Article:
That’s why he was on the CBS Sunday Morning show Oct. 7. A 2007 Wired Magazine story talked about the rescue, focusing on the CIA’s role, which was kept secret at the time to protect Americans still held hostage.

Schatz grew up on the Rathdrum Prairie on a small family farm near Post Falls, Idaho. He earned a business degree with an emphasis on economics in 1971. He followed up with a master’s in agricultural economics in 1974.

He went to work for the U.S. Department of Agriculture traveling through Asia to help other nations buy American agricultural products.

That’s how he ended up in Iran in 1979. From his office, he watched Iranian militants storm the gates of the U.S. Embassy. That it would evolve into the 444-day hostage crisis that gripped the nation and helped topple Jimmy Carter’s presidency was not immediately apparent.

Schatz had been to Iran before so navigating its culture was not that alien, Schatz said. Iran then was in the United States’ top 10 foreign trading partners for agricultural products. He wasn’t immediately concerned about the rising tension. “It was a place I knew something about. I’d traveled a little bit there, and I’d met some wonderful people. The Iranian people are a phenomenal people.”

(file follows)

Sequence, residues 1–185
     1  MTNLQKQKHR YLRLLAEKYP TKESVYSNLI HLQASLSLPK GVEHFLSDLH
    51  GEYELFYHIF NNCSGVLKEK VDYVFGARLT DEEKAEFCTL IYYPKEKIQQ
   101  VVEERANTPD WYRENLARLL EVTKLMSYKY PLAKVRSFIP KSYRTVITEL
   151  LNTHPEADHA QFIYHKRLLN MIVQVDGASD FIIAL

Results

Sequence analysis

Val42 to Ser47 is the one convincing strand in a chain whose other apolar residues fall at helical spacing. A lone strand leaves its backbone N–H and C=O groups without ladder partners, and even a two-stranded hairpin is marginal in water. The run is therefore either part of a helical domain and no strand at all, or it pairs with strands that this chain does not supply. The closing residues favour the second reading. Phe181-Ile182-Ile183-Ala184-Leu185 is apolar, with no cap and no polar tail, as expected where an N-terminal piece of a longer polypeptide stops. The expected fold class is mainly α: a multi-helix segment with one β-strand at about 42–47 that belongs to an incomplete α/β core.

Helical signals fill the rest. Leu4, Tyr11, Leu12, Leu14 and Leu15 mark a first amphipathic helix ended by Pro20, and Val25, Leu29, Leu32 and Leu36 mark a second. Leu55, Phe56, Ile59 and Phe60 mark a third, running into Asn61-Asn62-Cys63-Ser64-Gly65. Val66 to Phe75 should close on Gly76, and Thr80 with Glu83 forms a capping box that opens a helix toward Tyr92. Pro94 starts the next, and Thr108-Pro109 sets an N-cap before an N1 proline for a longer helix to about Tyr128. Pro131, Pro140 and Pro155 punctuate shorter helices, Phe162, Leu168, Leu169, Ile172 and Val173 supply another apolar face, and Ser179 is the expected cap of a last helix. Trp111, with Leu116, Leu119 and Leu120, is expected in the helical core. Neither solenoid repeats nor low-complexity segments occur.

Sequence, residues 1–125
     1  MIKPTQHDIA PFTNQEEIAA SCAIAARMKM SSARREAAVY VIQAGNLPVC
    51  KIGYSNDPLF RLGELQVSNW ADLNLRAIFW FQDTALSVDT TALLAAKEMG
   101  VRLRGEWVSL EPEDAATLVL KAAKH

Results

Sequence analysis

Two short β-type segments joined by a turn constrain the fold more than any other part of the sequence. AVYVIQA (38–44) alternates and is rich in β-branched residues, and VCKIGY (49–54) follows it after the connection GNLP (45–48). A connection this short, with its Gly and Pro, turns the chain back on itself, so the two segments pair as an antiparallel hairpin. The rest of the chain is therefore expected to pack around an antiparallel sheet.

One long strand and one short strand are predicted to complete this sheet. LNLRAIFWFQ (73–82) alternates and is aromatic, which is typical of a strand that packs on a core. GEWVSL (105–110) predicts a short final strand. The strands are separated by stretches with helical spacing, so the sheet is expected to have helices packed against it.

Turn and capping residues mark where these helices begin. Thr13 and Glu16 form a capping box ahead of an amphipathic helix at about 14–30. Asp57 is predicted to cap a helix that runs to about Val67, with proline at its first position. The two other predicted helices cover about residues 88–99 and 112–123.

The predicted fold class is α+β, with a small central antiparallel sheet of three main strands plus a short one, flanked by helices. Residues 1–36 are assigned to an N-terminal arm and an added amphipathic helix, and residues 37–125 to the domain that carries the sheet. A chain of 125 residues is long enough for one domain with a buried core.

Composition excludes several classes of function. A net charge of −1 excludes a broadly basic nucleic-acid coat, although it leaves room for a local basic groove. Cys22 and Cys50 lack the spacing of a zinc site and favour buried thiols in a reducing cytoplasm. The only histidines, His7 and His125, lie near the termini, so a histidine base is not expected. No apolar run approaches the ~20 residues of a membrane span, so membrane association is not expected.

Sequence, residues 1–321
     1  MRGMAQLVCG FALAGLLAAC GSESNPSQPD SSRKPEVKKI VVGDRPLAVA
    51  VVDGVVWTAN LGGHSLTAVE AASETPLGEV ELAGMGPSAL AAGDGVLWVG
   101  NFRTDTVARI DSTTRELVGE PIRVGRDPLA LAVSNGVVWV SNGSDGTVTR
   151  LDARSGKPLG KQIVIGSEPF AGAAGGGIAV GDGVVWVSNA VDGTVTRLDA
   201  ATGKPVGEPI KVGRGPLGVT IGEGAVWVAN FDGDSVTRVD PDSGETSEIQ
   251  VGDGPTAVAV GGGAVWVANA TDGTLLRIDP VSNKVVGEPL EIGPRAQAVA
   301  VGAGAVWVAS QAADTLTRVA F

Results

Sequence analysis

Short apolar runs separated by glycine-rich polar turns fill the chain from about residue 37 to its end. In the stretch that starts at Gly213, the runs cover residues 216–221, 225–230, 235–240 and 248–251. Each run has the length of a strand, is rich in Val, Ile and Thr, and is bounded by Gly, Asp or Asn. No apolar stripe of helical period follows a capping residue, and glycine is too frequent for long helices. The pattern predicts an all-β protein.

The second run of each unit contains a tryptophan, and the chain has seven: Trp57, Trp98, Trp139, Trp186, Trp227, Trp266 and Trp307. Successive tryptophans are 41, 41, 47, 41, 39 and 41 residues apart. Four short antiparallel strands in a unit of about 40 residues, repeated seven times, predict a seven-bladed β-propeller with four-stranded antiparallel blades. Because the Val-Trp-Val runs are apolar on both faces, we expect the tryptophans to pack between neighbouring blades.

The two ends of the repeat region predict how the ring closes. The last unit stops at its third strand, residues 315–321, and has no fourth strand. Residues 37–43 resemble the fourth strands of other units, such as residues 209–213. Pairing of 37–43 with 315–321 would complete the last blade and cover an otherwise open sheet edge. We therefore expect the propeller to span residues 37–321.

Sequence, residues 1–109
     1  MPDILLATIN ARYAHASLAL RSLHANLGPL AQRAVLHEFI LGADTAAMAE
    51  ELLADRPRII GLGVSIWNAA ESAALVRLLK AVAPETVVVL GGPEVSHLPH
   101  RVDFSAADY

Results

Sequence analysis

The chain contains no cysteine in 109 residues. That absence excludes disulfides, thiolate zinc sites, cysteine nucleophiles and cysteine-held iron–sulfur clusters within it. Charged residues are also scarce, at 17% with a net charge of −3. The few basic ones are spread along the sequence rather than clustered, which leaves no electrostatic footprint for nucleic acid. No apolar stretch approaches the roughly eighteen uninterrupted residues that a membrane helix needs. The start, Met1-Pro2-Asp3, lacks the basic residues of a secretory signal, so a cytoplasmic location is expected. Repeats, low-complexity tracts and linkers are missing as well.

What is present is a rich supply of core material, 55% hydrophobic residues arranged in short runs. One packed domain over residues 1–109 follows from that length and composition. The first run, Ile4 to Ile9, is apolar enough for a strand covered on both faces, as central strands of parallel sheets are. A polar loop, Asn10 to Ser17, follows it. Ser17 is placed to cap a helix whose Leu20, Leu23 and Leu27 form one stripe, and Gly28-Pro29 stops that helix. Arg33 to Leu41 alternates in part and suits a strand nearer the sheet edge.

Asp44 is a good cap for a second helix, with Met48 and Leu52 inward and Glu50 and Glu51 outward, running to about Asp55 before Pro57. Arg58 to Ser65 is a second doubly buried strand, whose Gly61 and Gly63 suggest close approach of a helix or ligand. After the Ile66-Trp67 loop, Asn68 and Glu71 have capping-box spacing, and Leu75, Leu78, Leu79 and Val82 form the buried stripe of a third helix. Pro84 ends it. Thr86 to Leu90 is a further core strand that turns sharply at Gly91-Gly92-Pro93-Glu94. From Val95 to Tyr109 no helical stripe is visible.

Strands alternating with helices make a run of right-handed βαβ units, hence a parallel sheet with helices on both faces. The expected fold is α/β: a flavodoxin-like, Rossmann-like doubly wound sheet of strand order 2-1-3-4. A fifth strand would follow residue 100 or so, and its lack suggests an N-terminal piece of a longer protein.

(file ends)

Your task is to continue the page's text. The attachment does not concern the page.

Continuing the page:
Even seeing militants overrun the embassy didn’t immediately force him into hiding. “They had done it before,” he recalled. “We thought the government would come and kick them out like they had before.

“I went to my office for a couple of more days and reported back to Washington on what I was seeing,” he added.

The Iranian government’s lack of response and the gravity of the hostage crisis soon became apparent.

Schatz stayed with a member of the Swedish consulate. It took him two weeks to join the other five Americans at the home of Canada’s Ambassador Ken Taylor. In all, more than 90 days would pass before the arrival of the CIA “Moses” – Tony Mendez – and an assistant, who would work with the Canadians to lead the six hidden Americans to safety.

Their ruse: a fake sci-fi movie, “Argo.” The cover story, Mendez and his crew – the six – were in Iran to scout filming locations for the film. Schatz’ role was to act like a cinematographer.